“Once I became a firefighter 10 years ago, I knew I couldn’t be one without getting into the medical field somehow.”
She also said, “The more I did, the more I realized I liked it. That’s when I wanted to get my paramedic license.”
Byrne also said, “Usually when we treat patients we try to figure out the allergies first, so we never ended up getting his name.”
She added of the woman on board the flight: “I think it would be cool to meet her and know that she had a good result and that she is fine. When you see people who were in a traumatic crisis, and you see them later and see them on the other end of the line, it’s cool to know that you played a part in that.”
Byrne also emphasized, “It’s not about thanking you. It’s about knowing you played a part.”
Her sister agreed with that.
Says Kelly, “It’s not about a ‘thank you’. It’s about the fact that we were able to be in the right place at the right time. We are happy to know that we were able to do something with a result positive.”
“Our team is always very grateful when trained medical personnel are ready to support our crew members in these situations.”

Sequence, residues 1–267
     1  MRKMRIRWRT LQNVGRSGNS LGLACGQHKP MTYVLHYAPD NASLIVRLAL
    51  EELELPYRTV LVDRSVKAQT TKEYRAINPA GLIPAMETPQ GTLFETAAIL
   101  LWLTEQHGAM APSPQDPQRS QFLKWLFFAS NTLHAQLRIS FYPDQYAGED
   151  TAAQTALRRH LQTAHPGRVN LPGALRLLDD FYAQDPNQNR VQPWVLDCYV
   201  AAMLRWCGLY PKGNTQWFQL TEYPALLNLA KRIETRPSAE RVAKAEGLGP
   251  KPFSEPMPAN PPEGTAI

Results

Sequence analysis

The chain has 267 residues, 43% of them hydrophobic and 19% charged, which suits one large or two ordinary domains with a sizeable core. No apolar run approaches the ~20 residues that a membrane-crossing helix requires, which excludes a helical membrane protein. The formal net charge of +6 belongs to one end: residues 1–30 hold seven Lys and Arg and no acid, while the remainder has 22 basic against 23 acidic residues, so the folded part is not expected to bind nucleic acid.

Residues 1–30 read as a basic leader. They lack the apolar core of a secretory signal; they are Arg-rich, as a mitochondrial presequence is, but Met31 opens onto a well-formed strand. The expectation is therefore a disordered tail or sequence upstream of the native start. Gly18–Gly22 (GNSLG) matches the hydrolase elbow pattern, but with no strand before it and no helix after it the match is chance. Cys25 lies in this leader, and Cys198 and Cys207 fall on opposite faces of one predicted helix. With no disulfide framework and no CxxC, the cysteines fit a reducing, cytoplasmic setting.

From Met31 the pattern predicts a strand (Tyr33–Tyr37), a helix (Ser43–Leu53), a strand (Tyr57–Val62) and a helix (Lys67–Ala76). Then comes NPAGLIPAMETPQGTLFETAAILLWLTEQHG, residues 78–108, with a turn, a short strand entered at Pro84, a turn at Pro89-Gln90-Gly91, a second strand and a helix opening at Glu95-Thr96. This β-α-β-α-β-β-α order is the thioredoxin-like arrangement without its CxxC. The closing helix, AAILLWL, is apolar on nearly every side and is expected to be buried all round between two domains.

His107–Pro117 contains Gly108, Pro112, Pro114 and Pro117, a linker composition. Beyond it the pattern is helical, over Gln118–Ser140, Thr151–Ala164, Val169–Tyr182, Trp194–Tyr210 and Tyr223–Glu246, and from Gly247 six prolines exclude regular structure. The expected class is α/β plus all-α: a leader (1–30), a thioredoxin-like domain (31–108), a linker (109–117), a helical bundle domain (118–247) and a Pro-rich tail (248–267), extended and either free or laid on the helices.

Wayland Fire Department Chief Neil McPherson congratulated the sisters, saying in a press release, “Incidents like these are what first responders and medical professionals train for.”
He added, “To see this training and professionalism put into action beyond our small community and in an environment with limited resources is a proud moment for the department to have made a difference in someone’s life.”
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In a statement to Fox News Digital, JetBlue Airways Corporate Communications Manager Derek Dombrowski said, “We would like to thank those customers who graciously stepped up to help our crew members when another customer had a medical problem on board.”
JetBlue added, “Our team is always very grateful when trained medical personnel are ready to support our crew members in these situations.”
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JetBlue also sent the two sisters an email thanking them for their help, Dombrowski noted — “and offered them future travel credit as a token of our appreciation.”